Jenkins Center takes gospel to Muslims in Dearborn

Communications Staff — March 16, 2017

Southern Seminary students visited Dearborn, Michigan, home of the largest concentration of Arab-Americans in the United States, to pray for and evangelize local Muslims, Feb. 24-26. Led by Ayman S. Ibrahim — Bill and Connie Jenkins Professor of Islamic Studies and director of the Jenkins Center for the Christian Understanding of Islam — the team interacted with a few of the more than 100,000 Arab Americans who comprise at least 45 percent of Dearborn’s population.

Josh Hildebrand, center, reads from the Gospel of John with two Arab-American men, right, at a local bakery in Dearborn, Michigan.
M.Div. student Josh Hildebrand, center, reads from the Gospel of John with two Arab-American men, right, at a local bakery in Dearborn, Michigan.

The 13 students from Southern and Boyce College visited local Arab bakeries and restaurants, starting conversations with Muslims and discussing the Christian faith. The team also visited the Islamic Center of America, which was one of the largest mosques in the United States when it was built in 2005. Several students received the contact information for Dearborn residents they met during the trip with the intention to have follow-up conversations about the gospel.

“Evangelism is not impossible, beginning a conversation with Muslims is not impossible, and people are ready to listen,” said Ibrahim, regarding lessons the students learned from the trip. “It’s completely worth it when you see you’re opening eyes and changing minds.”

The team not only saw the religion of Islam close-up when they visited the mosque, but also spoke with practicing Muslims face-to-face, applying in real-time what many of them have learned in class with Ibrahim.

“To me, it’s really encouraging to have learned things in class about Islam and use that [in conversation],” said Josh Hildebrand, an M.Div. student in Islamic Studies who has studied Arabic at Southern. “Having the class definitely made me feel a lot more credible and a lot more respected.”

The trip gave students a more balanced perspective on Muslims, said Ashley Ulrich, a 2013 graduate of Southern Seminary with an M.A. in Education. Most Muslims know very little about Christianity and likely have never talked at length with a Christian. American Christians should not equate all Muslims with ISIS or other terrorist extremists, she said, but recognize them as fellow humans created in God’s image and in need of the gospel.

“Muslims are just people. We build relationships with them in the same exact way that we build relationships with anybody. You find out the superficial stuff first and then you go a little bit deeper,” Ulrich said. “That’s how I get to know every other nationality of people, why would I treat them any differently just because they come from a different religious context?”

Evangelizing Muslims in Dearborn, Michigan, gave many students the confidence to evangelize them anywhere in the world, said Lenny Hartono, who is pursuing her M.A. in biblical counseling at Southern. Hartono is from Indonesia, which has the largest number of Muslims by raw population of any country in the world, according to the Pew Research Center.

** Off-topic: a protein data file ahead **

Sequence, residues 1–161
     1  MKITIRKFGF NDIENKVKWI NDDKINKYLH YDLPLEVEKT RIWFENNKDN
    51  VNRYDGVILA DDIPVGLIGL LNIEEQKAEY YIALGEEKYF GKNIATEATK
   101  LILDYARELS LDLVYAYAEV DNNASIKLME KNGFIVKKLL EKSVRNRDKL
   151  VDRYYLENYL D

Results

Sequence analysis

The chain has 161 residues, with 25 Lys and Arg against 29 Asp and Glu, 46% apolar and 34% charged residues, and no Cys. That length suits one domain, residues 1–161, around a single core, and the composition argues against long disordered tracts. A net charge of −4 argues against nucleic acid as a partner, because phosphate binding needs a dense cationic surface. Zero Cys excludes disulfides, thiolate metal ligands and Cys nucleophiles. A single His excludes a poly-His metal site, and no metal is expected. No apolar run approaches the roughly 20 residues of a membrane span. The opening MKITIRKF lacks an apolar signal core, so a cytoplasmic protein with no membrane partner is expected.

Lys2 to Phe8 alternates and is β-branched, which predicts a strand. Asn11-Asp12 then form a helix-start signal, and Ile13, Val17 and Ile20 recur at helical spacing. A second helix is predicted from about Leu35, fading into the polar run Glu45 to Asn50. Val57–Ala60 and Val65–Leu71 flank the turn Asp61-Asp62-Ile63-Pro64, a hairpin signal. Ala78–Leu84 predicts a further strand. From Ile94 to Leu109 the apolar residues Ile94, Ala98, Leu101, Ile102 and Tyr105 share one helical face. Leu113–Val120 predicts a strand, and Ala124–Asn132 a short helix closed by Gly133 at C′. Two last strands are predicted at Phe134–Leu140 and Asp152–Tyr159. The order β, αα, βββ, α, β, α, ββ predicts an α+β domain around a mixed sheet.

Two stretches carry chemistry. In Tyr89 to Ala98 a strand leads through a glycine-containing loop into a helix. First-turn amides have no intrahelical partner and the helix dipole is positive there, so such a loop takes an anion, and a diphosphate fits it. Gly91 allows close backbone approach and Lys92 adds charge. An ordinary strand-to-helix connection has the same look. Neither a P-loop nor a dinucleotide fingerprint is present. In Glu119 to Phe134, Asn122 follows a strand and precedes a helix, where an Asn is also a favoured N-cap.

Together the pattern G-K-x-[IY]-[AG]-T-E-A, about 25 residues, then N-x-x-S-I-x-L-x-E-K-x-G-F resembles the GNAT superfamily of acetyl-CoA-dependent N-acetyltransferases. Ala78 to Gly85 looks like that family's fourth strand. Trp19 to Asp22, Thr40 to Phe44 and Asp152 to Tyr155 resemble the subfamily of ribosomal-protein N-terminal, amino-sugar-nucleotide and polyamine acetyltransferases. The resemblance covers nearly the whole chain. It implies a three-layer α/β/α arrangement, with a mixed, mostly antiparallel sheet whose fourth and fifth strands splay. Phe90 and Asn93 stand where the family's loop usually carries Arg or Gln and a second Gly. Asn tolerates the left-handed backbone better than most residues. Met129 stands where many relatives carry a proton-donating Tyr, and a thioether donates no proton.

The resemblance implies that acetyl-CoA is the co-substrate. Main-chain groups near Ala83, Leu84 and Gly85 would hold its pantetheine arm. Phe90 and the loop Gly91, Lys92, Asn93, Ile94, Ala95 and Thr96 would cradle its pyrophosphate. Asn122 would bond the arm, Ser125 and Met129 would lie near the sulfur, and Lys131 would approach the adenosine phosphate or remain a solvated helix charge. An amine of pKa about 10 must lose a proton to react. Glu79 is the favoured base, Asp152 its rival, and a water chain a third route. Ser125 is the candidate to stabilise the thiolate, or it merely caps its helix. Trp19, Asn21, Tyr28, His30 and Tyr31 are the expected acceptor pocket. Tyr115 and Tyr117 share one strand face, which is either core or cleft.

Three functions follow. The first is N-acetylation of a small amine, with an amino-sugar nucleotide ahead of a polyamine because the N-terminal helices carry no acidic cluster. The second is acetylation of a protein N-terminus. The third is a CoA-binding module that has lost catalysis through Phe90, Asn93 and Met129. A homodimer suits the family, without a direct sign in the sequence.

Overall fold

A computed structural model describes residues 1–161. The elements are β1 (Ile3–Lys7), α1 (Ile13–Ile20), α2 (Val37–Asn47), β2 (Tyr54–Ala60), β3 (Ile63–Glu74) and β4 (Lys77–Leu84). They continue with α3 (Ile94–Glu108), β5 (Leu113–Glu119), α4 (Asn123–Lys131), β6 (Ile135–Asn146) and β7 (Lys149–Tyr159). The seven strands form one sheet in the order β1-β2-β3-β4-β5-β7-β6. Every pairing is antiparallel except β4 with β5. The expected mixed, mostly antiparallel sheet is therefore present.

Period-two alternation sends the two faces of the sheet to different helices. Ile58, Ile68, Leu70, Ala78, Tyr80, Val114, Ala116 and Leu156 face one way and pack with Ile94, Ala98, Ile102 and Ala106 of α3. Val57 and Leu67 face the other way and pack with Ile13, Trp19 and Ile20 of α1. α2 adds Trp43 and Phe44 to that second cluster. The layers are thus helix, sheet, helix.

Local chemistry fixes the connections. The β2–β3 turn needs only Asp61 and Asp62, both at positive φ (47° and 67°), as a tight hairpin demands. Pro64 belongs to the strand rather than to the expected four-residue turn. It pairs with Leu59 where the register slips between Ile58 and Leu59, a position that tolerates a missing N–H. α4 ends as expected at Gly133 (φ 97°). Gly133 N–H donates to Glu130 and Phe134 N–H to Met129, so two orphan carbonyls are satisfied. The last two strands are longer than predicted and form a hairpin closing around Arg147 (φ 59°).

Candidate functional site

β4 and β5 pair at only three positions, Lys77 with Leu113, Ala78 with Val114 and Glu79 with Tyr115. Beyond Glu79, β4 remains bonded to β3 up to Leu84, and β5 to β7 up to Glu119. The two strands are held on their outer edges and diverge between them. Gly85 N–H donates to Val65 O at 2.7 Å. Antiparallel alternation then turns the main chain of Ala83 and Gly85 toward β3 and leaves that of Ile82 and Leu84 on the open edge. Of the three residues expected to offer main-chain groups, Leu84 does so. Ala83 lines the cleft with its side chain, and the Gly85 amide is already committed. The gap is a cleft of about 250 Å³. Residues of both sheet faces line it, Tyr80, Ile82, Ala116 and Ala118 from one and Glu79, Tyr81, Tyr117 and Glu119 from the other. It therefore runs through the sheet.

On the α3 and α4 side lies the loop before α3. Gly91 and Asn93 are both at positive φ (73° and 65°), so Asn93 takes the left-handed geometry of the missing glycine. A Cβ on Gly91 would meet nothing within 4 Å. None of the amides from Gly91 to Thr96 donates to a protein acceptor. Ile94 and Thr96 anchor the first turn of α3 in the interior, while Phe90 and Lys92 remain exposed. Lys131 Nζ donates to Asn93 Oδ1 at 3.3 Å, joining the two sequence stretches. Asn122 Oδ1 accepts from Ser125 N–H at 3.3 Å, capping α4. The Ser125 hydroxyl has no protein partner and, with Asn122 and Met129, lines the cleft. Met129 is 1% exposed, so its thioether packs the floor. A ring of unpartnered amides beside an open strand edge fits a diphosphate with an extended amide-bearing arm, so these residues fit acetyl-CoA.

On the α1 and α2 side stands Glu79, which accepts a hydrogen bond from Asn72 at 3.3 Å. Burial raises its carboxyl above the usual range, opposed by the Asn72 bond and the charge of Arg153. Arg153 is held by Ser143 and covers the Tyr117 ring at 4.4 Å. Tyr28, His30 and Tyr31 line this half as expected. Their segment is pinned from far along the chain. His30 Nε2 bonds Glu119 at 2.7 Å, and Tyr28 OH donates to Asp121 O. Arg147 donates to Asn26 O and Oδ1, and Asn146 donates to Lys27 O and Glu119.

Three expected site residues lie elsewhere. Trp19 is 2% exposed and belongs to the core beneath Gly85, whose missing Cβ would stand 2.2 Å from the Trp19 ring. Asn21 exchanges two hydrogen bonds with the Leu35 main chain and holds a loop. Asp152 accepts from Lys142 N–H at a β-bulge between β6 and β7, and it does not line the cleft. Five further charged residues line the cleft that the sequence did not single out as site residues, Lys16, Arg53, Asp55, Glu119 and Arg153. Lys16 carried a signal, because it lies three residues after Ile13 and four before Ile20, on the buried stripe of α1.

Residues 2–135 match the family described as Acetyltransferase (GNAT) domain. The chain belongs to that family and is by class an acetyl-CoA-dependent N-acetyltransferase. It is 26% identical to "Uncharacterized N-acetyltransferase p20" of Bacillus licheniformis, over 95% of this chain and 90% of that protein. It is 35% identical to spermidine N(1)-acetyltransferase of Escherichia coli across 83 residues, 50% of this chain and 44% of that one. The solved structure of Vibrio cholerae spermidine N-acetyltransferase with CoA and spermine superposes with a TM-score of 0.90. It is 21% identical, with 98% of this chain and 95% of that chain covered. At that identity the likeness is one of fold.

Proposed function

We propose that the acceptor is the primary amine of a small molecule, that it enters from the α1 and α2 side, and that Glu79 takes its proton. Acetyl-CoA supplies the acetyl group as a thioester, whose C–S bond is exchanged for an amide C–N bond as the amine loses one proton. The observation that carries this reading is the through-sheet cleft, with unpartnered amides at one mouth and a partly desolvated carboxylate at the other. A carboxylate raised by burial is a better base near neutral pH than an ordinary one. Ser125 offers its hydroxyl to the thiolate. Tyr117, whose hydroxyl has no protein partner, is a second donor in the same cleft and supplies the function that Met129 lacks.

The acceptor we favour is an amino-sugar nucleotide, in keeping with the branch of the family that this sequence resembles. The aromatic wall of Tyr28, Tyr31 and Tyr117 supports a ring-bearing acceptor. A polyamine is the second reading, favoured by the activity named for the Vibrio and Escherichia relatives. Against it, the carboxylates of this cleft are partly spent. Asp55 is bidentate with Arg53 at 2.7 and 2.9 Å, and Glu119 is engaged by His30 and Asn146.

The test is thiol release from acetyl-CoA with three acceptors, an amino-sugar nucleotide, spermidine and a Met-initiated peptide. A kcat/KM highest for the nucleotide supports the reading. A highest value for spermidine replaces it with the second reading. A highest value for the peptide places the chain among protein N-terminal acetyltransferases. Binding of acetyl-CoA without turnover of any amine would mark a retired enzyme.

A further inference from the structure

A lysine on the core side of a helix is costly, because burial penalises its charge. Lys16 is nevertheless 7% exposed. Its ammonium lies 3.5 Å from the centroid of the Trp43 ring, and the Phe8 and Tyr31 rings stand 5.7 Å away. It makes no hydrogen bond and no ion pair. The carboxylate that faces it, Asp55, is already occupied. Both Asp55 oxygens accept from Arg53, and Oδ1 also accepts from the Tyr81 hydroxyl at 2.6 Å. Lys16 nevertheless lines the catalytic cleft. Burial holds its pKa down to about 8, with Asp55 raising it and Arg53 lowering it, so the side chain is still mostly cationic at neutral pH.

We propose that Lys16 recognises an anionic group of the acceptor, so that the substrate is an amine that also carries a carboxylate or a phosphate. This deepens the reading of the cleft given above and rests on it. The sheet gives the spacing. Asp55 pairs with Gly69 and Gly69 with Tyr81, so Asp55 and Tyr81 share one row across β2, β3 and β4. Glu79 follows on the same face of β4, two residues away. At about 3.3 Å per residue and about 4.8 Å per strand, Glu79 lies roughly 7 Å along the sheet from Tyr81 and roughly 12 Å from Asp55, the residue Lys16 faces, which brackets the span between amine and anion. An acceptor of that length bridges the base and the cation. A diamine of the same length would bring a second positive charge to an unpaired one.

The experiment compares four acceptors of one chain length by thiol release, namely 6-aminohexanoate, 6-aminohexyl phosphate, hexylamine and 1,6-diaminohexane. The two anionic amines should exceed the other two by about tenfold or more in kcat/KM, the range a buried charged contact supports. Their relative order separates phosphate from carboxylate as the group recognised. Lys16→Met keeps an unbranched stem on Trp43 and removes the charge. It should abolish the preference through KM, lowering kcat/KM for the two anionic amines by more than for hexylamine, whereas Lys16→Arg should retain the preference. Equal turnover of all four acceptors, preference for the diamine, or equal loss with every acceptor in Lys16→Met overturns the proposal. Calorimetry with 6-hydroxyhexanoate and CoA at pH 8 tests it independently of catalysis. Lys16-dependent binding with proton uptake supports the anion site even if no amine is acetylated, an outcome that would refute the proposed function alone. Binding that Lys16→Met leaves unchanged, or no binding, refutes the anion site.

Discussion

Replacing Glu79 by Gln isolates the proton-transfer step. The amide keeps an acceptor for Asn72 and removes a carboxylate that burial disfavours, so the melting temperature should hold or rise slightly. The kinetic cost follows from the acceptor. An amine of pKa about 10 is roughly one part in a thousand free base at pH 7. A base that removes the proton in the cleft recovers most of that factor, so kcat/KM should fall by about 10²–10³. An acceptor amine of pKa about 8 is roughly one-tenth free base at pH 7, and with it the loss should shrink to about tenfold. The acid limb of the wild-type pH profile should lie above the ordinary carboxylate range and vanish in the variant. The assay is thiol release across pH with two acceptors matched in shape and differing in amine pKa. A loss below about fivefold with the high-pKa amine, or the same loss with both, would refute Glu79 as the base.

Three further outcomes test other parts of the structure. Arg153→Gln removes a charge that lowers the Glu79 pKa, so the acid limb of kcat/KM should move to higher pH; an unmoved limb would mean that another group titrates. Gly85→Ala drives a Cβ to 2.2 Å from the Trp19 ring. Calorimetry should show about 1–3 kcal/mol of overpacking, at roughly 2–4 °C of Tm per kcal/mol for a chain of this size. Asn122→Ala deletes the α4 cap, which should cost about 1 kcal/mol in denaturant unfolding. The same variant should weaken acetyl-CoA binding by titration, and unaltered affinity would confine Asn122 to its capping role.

“From this trip, I feel the Lord has equipped me to be a better evangelist when I go back to my country,” Hartono said, saying she thought the originally Middle Eastern Muslims that populate the Dearborn area would be much harder to connect with than her fellow Indonesians. “I thought the Muslims from the Middle East would be violent, not as open, scared of Christians, and hate Christians. But they’re so open! My own people — whom I know so well — will be even more open. After this trip, I will be able to be more courageous to share with my own people.

The interactions in Dearborn required patience, Hartono said, since the students’ primary goal was to challenge Muslims to think about Christianity differently and begin to build relationships. She found that, contrary to how most Westerners perceive Middle Eastern Muslims, they were welcoming, friendly, and open to having deep conversations about religion. The trip has given Hartono more confidence to evangelize all non-Christians, not only Muslims, she said.

“This trip was a good springboard. Muslims are the people in my head that are the most difficult, the most resistant, the most unwelcoming,” Hartono said. “So if the people I thought would be resistant are actually open, this can give me confidence that the Lord can use this to equip me to evangelize anybody he wants me to share the good news with.”

The trip also underscored the importance of prayer in evangelism, said Ulrich. While visiting a restaurant, a member of Ulrich’s team reminded her she needed to pray for each conversation as it took place. She found herself praying for three different conversations going on simultaneously, even forgetting to eat her own dinner. Prayer is necessary in evangelism before, during, and after a conversation, and the necessity of praying during evangelism became clear to Ulrich during the trip.

“I’ve never thought about [prayer] that way before,” she said. “The reality is the Holy Spirit is going to do what he’s going to do regardless of whether I intercede or not. I don’t believe that he’s going to not work because I’m not faithful. But the fact that God allows me to be a part of that because of his love and he invites us into relationship with him … that’s kind of a big deal.”

The Jenkins Center exists to establish a scholarly Christian understanding of the many strands of Islam, and sponsored the trip. More information about the Jenkins Center is available at

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